In 2002, the Malaysian organization Tenaganita, together with Pesticide Action Network-Asia Pacific launched a study that confirmed that women plantation workers were being poisoned by the use of highly toxic pesticides, especially paraquat.
At the launching of the "Study of Pesticides Poisoning in the Plantations", Tenaganita Director, Dr. Irene Fernandez said that “If the Malaysian government had, through its enforcement agencies the Department of Occupational Safety and Health and the Pesticides Board, effectively implemented the laws the women would not have suffered."
What the Malaysian state actually did do in October 2003 was to imprison Irene Fernandez in relation with a previous study carried out by her organization: "Abuse , Torture and Dehumanized Treatment of Migrant Workers in Detention Centres". Accused of "maliciously publishing false news", she is still in prison serving a 12 month sentence (see article below).
When she is eventually released, will she be again accused of "maliciously publishing false news" in relation with the more recent study on the condition of women plantation workers which are "poisoned and silenced" by the oil palm industry? The possibility is very real, given the powerful economic interests involved in the Malaysian oil palm sector.
However, the study's findings can in no way be considered as "false", and they are totally consistent with the information on working conditions in oil palm plantation in both Malaysia and elsewhere. The peculiarity in this case is the strong presence of women affected by standard operations of these companies regarding pesticide use.
The study proves that women sprayers working in plantations in Malaysia are poisoned by the pesticides they spray daily. It also reaffirms that the living conditions in plantations are poor, medical care is inadequate and that estate management is oblivious and often unsympathetic towards the social and health problems faced by workers.
The common symptoms noted among women plantation workers were fatigue, vomiting, back pain, giddiness, difficulty in breathing, skin problems, nausea, eye irritation, headache, tight feeling in the chest, and swelling, which are indicative of exposure to organophosphate and carbamate type of pesticides. Blood samples revealed a depression in the acetyl cholinesterase enzyme activity, which is confirmation of pesticide poisoning. The study also confirmed that the sample population was spraying organophosphate-type pesticides, indicated by a lowering of the acetyl cholinesterase levels in plasma and blood. After a one-month break in spraying, enzyme levels of selected sprayers were elevated, reconfirming that they were poisoned by organophosphate when the readings were taken a month earlier.
The study confirmed that a major pesticide used in the plantations is Paraquat (a herbicide). Poisoning due to Paraquat is clearly demonstrated in the surveys and interviews with workers, and indicated in the medical examinations. The women suffered nose bleeds, tearing of the eyes, contact dermatitis, skin irritation and sores, nail discolouration, dropping of the nails, swelling of the joints, and abdominal ulcerations. This in spite of the fact that Malaysia has classified paraquat as Class I (extremely hazardous) pesticide. To make matters worse, the study noted that the area planted to oil palm is expected to rise from 2.7 million ha (1998) to 4.3 million ha in 2020, with a subsequent rise in the use of agrochemicals. Paraquat use is expected to rise from 5 million litres (2000) to 7.4 million litres in 2020.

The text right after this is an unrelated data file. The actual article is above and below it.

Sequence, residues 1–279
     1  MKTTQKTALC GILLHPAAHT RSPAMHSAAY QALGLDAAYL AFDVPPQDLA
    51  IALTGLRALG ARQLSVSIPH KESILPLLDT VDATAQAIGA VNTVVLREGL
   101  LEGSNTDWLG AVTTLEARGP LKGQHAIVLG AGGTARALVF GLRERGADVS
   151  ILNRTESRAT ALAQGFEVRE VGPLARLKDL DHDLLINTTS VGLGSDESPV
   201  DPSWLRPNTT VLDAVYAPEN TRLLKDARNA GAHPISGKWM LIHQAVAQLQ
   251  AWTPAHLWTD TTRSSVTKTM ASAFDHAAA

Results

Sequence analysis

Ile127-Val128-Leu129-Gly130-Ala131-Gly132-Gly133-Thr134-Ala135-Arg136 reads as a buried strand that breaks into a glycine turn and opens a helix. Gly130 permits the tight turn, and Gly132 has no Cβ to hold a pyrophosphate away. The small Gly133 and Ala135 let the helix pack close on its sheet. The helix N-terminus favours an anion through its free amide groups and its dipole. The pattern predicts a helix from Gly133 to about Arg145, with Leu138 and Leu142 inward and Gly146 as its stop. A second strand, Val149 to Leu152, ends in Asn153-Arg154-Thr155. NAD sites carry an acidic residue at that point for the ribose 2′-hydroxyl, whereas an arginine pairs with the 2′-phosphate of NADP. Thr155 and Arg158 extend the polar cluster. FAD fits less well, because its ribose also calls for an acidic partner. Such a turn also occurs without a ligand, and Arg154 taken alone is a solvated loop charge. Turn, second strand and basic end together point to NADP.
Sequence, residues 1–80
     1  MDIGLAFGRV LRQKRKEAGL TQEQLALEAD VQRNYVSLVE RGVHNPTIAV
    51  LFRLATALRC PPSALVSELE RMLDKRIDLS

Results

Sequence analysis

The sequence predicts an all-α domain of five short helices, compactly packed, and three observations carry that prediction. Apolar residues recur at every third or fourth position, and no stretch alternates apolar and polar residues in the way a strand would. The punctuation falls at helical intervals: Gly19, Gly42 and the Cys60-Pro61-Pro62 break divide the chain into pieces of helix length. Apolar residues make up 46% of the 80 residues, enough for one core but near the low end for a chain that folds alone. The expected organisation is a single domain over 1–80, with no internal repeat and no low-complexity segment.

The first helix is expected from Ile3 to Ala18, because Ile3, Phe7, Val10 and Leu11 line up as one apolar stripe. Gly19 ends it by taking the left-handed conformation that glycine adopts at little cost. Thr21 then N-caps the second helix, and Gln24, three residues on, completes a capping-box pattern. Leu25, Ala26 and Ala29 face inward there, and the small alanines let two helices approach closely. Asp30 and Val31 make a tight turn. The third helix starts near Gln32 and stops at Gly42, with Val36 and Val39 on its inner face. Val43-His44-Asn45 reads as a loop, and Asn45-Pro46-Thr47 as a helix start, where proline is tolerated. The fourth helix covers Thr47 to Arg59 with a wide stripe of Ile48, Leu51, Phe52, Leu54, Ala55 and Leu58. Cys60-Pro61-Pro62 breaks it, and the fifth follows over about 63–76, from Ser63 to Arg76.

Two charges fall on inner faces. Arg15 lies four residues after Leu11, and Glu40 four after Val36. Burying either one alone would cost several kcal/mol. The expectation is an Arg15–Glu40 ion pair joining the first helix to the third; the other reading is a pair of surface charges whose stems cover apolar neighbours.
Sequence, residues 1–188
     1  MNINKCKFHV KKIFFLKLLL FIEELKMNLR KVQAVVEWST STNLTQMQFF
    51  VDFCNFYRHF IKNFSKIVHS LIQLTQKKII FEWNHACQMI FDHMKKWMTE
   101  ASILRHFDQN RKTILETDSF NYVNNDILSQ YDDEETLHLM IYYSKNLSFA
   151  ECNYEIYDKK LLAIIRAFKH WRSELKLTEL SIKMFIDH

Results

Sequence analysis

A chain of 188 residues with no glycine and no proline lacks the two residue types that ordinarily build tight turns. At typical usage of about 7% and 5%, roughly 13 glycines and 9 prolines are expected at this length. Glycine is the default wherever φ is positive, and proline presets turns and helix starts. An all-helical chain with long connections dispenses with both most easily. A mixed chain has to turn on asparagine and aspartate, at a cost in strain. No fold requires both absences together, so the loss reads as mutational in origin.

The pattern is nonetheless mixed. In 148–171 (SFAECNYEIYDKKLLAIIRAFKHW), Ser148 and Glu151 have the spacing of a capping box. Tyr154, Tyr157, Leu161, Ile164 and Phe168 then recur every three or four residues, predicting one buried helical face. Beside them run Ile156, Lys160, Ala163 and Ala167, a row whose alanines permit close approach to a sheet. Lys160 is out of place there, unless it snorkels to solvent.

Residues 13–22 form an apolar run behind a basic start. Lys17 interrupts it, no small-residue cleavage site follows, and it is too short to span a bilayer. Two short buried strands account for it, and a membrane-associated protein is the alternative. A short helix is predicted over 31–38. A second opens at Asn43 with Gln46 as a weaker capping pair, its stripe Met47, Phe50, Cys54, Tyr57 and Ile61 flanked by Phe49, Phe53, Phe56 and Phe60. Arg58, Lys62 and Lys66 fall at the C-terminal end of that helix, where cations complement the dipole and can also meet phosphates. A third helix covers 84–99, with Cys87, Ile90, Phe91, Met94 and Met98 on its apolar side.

The study found that women working in the plantations could not read the labels in English and Malay, and could not read labels on the pesticide containers if these were present. In the majority of cases labels are removed. It was commonly seen that pesticides were used in concentrations in excess of requirements; in ‘cocktails’ whose ingredients were not known; and often the estate management chose not to divulge the names of pesticides used, to the sprayers.
Additionally, the spraying equipment was sometimes leaking, and posed additional dangers of spillage and toxicity to the sprayers. Further, the equipment was stored in workers homes, adding risk to the whole family.
The study also found that estate management did not provide training on safety precautions and procedures to be followed while handling pesticides. There were no training materials available in local languages for workers and medical professionals. The protective gear provided, if any, was inappropriate to the local hot and humid conditions and is thus not used by most sprayers. These factors aggravated the risk factor for working in plantations.
To make matters worse, the study noted that medical professionals were not adequately trained to recognize symptoms of pesticide exposure and often disregarded these as minor complaints of cough, headaches etc. This further underestimated the real picture regarding poisoning attributable to pesticide exposure. There was an alarming lack of sensitivity among medical staff, paramedics and Hospital Assistants, which compounded their inability to deal with the women’s problems. Since the majority of the medical staff were male, the women were unable to express and share their condition and ailments.
Will all the above be considered as "maliciously publishing false news"? Shouldn't the Malaysian government and its enforcement agencies -the Department of Occupational Safety and Health and the Pesticides Board- be instead accused of "maliciously silencing true allegations"?
Article based on information from: "Women Plantation Workers Poisoned and Silenced"., Tenaganita/PAN-Asia Pacific, 2002,
"A Study of Pesticide Poisoning in the Plantations", Tenaganita/PAN-Asia Pacific, 2002, http://www.panap.net/highlightsA1.cfm?id=16&hiliteid=HILITE04